Tuesday, March 15, 2005

The West Wing: Wake-Up Call

Since Gilmore Girls is a rerun tonight, I'm catching up on my TiVo. I'm half-way through the episode of TWW that aired sometime around Valentine's Day. It's reminding me why I love this show. I stopped watching for a while after Aaron Sorkin left, because I couldn't imagine the show being as good without the writing, and for a while it wasn't. It was too dramatic, too spectacular spectacular. It still has elements of that, but the weaving of the story is back.

Tonight's episode is about government organization, primarily the separation of powers and the role of the executive branch, in addition to the provisions about emergency government. I know that 25th amendment says that if the president dies or otherwise leaves office, then the vice president is in charge. (Remarkably, this amendment wasn't made until the 1960's!) We learned that the hard way, when Zoey was kidnapped and Jed temporarily stepped down from office because he couldn't deal with the situation rationally. Unfortunately in that situation, the vice president had just left his office vacant due to scandal, so the new president was a pompous Republican speaker of the house.

But I've also learned from earlier episodes that when the president is incapacitated (say, is undergoing emergency surgery), it's not so clear who is running the country. In that episode, it seemed to be a group decision, led by the Chief of Staff. This sparked a bit of controversy later on.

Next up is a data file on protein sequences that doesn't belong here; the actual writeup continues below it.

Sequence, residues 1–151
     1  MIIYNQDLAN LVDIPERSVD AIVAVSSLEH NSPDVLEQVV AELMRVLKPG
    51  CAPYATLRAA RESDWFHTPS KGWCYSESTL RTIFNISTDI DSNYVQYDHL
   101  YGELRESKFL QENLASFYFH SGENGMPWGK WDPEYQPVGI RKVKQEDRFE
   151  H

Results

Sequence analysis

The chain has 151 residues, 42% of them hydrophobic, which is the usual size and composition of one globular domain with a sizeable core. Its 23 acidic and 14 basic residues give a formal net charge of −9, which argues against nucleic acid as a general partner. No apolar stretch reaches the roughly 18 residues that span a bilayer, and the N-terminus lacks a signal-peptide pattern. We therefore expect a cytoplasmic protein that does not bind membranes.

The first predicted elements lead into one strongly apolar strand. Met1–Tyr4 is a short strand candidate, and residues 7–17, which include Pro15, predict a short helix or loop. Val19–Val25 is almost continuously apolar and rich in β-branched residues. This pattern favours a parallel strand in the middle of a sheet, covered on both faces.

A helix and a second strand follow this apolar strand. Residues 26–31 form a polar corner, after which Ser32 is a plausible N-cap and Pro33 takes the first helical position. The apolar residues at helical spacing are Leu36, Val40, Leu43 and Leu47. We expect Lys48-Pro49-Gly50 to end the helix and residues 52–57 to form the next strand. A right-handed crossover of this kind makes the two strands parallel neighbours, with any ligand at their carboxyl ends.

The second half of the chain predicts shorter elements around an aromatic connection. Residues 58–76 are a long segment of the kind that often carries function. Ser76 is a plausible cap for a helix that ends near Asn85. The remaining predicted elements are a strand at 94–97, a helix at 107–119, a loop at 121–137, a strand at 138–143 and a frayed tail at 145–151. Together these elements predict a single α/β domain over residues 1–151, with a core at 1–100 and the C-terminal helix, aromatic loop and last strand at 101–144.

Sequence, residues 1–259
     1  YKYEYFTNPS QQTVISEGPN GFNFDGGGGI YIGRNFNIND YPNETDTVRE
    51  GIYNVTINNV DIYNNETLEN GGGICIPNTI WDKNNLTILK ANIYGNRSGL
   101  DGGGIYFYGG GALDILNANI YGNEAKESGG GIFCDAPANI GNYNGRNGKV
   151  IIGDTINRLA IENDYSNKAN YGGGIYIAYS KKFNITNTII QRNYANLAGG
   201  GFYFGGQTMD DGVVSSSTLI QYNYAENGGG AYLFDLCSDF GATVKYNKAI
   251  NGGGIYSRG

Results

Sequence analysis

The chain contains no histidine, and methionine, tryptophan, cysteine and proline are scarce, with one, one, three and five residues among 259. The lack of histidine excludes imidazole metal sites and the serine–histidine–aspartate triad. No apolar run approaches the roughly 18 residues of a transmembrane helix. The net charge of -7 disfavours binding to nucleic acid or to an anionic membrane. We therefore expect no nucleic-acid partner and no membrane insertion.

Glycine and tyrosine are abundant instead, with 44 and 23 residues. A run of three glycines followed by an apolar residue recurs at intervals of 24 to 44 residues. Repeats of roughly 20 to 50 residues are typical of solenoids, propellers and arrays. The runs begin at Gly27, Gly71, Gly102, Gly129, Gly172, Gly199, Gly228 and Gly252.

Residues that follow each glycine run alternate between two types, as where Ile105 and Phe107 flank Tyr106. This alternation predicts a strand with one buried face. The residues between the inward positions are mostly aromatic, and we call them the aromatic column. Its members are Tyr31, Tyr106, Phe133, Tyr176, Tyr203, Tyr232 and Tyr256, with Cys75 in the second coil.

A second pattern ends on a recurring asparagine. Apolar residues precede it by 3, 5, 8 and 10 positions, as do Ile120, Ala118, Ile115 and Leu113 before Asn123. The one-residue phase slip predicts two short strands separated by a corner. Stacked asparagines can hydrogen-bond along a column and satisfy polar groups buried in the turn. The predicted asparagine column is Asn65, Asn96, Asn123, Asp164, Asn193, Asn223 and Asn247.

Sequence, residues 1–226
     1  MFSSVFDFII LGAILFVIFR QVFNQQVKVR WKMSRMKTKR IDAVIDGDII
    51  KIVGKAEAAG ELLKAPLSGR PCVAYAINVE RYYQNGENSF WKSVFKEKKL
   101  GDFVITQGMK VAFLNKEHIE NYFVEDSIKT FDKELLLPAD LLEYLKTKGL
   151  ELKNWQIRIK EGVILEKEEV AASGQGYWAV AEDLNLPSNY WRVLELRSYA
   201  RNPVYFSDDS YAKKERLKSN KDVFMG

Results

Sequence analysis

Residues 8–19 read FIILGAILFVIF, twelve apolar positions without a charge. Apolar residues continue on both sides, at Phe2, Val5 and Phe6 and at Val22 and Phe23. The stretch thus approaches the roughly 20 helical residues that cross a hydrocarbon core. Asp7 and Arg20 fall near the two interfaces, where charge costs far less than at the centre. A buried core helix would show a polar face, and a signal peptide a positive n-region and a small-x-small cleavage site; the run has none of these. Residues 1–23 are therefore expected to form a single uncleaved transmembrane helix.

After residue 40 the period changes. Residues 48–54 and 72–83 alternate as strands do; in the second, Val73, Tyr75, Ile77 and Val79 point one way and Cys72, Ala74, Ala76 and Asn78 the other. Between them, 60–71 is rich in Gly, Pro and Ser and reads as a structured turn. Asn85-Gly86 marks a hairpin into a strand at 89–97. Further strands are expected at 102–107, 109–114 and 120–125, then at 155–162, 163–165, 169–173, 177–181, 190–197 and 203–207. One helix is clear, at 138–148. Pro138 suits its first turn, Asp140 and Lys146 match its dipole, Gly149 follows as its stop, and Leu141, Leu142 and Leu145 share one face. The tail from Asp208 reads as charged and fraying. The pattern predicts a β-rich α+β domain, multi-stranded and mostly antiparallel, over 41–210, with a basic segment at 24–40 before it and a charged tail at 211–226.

Anyway, so now we're dealing with a failing preseident. --Haha! No, I meant on the show. And I meant physically failing, as in ailing, ill, sickysick, not dumb. President Bartlett's multiple sclerosis is wreaking havoc on his ability to perform the role of the president. (That seems to be the theme of this season, anyway.) Tonight (or rather a month ago), CJ is doing a balancing act between Jed, who wants to be president, and Abby, who wants Jed to take a nap. As if sleeping will keep his myeloid sheaths from deteriorating. Part of CJ's coping mechanism is to take on more responsibilieies (read: make more decisions) herself. Hmm. As much as I love CJ and hate the new VP, she wasn't elected. Hmm.

Meanwhile (and this was thrown in just in case you didn't get it before), Toby is meeting with the founding fathers of Belarus, who are attempting to write a constitution and create a democratic government. (The constitution writer, Lawrence Lessig, is played by Doc Brown. Oh, and I also noticed that this episode was directed by Laura Innes.) Toby, touchy about how much power Jed has to flig about willy nilly without the checks and balances of those with all their myeloid sheaths intact, suggests a parliamentary system to the Belarussians. "No, we don't want a parliament! We want a strong president!" Toby argues that (according to some Yalie bozos) the presidential system is one of the most dangerous American exports.

Heh. They also mention the electoral college, and imply its ridiculousness. Are the writers being too obvious in their political commentary? Heh.

Anyway, I'm full of false hope that there will be some sort of resolution to the problem of the malfunctioning-but-omnipotent president. Back to the remote.

1 comment:

  1. Right. So the episode went downhill from there. No resolution, and no real plot events. Just, "Mr. President, you shoudl take a nap." I blame it on Miss World.